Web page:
The physical practice (asana) which we practice in a studio or at home is such a small part of the behemoth that is ‘yoga’, yet we often place all our attention on the postures. In this series of blog posts I’m going to be covering some of the foundations of yogic philosophy to give you more insight into yoga off the mat.
In today’s post we’re going to cover off on what the Yoga Sutras are and delve into the Yamas.
When we’re talking yoga philosophy, we naturally must begin with Patanjali’s Yoga Sutras.
What are the Yoga Sutras?
The great sage Patanjali wrote the Yoga Sutras before 400 CE (a long, long time ago) and they outline the science of yoga for self-realisation. They are a logical pathway to live your life – methodically exploring and transcending obstacles between us and our true Selves. Within the Sutras, Patanjali shares many yogic principles including the Yamas.
The Yamas are the first limb of Patanjali’s eight limbs of yoga which she/he shares in the Sutras. Yamas is a Sanskrit word which translates as ‘restraints’, and they are primarily our attitudes towards others and our surroundings.
As yogis, these are our core ethical standards and golden rules to live by. Living by these principles is our first step on the true path of yoga.
Let’s break it down.
Ahimsa – non-violence/kindness
Ahimsa is the first Yama and is probably also one of the most well known – we’ve all heard of Gandhi, right?
It’s also the top priority when it comes to the Yamas. We practice ahimsa first above all others as it takes precedence over the other yamas, niyamas and the remaining limbs of the eightfold path.
Satya – truthfulness / be authentic
At first glance, Satya appears simple: Tell the truth. But in truth, it’s a lot more complex (excuse the pun).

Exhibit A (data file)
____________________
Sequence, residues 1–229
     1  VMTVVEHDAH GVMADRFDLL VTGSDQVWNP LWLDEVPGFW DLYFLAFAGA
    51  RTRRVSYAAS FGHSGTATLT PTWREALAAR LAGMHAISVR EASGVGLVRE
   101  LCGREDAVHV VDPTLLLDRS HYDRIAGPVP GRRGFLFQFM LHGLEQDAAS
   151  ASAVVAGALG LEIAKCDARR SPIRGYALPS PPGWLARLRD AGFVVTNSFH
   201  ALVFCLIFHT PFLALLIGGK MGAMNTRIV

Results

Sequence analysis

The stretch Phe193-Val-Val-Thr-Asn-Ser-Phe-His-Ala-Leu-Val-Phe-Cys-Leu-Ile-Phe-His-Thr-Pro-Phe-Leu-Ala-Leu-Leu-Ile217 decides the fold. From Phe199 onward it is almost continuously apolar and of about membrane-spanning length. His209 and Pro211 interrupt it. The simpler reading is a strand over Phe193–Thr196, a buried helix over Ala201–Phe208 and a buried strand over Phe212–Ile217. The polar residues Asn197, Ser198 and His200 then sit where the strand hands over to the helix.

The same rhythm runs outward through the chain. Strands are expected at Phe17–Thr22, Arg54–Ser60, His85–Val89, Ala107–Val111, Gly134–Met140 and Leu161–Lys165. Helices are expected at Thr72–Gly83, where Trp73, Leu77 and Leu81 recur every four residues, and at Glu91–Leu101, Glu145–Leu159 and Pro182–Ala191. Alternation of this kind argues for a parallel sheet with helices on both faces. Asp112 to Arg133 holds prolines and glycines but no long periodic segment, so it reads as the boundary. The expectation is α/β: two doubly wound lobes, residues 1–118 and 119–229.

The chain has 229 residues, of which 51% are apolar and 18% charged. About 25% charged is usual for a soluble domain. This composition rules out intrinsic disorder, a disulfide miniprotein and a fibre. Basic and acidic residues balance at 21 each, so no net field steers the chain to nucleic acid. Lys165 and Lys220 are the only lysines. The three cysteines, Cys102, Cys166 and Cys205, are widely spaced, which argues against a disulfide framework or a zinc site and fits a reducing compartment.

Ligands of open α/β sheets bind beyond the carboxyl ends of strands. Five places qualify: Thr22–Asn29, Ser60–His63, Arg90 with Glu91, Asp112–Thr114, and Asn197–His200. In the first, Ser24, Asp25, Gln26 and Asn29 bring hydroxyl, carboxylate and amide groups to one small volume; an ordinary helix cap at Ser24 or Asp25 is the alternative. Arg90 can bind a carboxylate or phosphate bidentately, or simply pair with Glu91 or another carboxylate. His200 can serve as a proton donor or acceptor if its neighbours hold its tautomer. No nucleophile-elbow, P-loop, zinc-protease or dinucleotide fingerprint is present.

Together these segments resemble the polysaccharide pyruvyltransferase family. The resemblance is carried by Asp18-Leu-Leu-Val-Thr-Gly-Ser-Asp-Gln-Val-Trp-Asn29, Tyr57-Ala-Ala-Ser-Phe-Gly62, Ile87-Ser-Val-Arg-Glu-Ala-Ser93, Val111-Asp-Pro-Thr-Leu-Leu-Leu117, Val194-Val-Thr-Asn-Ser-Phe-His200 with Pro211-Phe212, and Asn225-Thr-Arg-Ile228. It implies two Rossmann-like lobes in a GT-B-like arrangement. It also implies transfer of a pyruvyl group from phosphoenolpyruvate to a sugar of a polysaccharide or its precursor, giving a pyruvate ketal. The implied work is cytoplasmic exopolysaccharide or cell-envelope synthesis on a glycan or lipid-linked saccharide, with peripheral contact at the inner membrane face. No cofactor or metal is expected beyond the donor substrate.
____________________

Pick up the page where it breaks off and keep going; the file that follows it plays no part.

Living Satya means we are living in alignment with our deepest, most authentic values. It expects we are faithful to our words and with our actions. Consider where in your life you are not living with Satya.
Asteya – non-theft/giving
As with Satya, on the surface, Asteya is seemingly simple: Do not steal. But underneath things get a little more complicated.
It is not only ‘things’ we can steal. Are you taking someone’s time or energy? Are you thieving another person’s intellectual property? Are you stealing someone’s potential by not supporting them?
Brahmacharya – sexual integrity/honour sacred
Traditionally Brahmacharya means to walk with God & often is the practice of celibacy, but in our modern and Western world, we’ve stripped this Yama back to its roots.
When we look deeper, Brahmacharya is about keeping our sexual integrity, protecting our energy, honouring the sacredness of intimacy and living with a deep connection with the divine at all times.
Aparigraha – non-hoarding/minimalism
I don’t believe there has been another time that demanded us to live the principle of Aparigraha. With slick marketing campaigns telling us to buy, shopping centres full of unwanted and unneeded things and Google Ads reminding us of the things we left in our online shopping carts… we need to look carefully at our buying and hoarding habits.
What can you let go of? It might be physical possessions, or maybe you’re hoarding your wisdom or knowledge?
Are you feeling overwhelmed already? Let’s focus on one at a time at this stage!
Sit with one principle a week. Feel it. Research it. Talk about it. Question it.
Some things that might come up for you:
- How can I change my thoughts and actions to embody the yamas better?
- Can I be kinder to myself and others (ahimsa)?
- Can I avoid taking credit for other’s work (asteya)?
- Can I quit buying things for momentary satisfaction (aparigraha)?
I’d love to hear from you – let me know your thoughts, revelations and insights on Instagram!
Look out: In the next post in this series we will be exploring the Niyamas (the second limb).